The Origins of Codetermination: Tracing the British Influence, a Crag Talk by Rebecca Zahn
Thursday 24 March 2016
University of Edinburgh
LLC – Project Room 5.30 pm
Codetermination – worker participation in management – forms part of the industrial relations traditions of a number of European countries. Among these, the German system of parity codetermination (paritätische Mitbestimmung) which was first introduced in the iron and steel industries by the British military command after the Second World War provides the greatest level of involvement for workers. Reconstituted German trade unions had begun to call for the institutionalization of Mitbestimmung – which they associated with the equal status of workers and employers in the management of enterprises – as early as March 1946 at their first post-war congress. The literature suggests that these calls were influenced by plans for a reorganization of the German economy drawn up by exiled German trade-unionists based in the UK during the Second World War. This paper traces the origins of these plans which were developed in Britain during the Second World War in order to determine to what extent British socialist thinking influenced the German institution of co-determination.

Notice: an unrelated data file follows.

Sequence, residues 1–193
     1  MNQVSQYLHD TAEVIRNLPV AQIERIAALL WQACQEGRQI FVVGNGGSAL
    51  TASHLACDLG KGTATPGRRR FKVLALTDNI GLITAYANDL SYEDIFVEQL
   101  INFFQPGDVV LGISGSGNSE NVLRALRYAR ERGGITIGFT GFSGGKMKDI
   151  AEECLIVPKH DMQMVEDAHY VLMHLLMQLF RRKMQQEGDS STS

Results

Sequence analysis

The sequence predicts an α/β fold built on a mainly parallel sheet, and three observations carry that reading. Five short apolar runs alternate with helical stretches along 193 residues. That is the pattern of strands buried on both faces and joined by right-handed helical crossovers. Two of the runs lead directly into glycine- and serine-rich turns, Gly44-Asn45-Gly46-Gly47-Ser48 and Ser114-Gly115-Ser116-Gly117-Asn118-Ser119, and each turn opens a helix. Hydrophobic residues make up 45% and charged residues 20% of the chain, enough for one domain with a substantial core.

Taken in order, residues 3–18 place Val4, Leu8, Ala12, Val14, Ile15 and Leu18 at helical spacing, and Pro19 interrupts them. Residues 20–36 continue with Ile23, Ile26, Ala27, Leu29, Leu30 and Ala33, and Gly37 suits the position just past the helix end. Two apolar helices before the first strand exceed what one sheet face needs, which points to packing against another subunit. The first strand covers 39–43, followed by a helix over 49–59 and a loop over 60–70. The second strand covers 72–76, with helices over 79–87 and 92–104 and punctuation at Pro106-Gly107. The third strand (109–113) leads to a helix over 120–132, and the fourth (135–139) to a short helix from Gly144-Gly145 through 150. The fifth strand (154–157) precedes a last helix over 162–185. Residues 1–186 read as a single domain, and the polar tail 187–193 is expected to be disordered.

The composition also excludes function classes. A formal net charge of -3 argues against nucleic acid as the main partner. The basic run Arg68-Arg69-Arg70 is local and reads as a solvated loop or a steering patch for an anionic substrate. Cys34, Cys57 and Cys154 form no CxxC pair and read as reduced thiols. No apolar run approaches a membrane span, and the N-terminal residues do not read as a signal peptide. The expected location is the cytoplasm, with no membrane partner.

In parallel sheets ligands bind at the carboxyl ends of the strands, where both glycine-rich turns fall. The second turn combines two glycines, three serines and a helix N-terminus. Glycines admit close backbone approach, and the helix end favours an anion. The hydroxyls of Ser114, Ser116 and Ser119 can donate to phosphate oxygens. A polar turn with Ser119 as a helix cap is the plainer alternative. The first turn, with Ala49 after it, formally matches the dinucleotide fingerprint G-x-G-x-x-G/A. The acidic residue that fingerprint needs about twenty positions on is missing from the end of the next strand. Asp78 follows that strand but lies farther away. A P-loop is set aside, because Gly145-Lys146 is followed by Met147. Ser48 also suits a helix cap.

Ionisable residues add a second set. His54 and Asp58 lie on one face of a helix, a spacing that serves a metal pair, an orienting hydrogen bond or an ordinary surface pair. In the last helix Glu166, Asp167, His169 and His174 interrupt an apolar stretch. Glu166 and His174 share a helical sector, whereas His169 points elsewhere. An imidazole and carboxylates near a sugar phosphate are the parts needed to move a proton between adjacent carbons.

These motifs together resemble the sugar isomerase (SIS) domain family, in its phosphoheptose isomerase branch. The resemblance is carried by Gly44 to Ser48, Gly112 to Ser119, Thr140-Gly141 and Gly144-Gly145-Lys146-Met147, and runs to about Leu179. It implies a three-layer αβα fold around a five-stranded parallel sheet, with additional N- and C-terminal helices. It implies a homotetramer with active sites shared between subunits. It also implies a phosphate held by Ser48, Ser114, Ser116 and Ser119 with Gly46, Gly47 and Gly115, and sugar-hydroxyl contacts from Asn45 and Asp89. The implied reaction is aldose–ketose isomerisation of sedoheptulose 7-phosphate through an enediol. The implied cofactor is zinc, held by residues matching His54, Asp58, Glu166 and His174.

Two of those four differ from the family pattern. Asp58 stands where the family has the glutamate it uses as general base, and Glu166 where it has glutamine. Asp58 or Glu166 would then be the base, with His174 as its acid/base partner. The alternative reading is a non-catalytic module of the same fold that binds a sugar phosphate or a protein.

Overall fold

Rebecca Zahn joined the University of Strathclyde in 2015. Prior to this, she was a lecturer at the University of Stirling from 2011 until 2015 and a Max Weber Postdoctoral Fellow at the European University Institute from 2010 until 2011. Her main research interests and specialisation lie in the fields of European Law and Labour Law (particularly European, national, and comparative labour law) and she has published widely in these areas.
She is one of the country experts (Germany) on the project ‘Access to citizenship in Europe’ run by a consortium of European universities and has written reports for the European Parliament, the European Commission and the European Public Services’ Union. She is also the Secretary of the University Association for Contemporary European Studies (UACES) and the Labour Law Section Convenor for the Society of Legal Scholars.
She received a Ph.D in Law from the University of Edinburgh in 2011. Prior to this she completed an LL.B. (Hons) in Law and French at the University of Edinburgh and an LL.M (Human Rights) at the School of Oriental and African Studies. In 2011, her PhD thesis was awarded the European Trade Union Confederation’s Brian Bercusson Award for the best PhD thesis to have been submitted in European Labour Law between 2006 and 2010.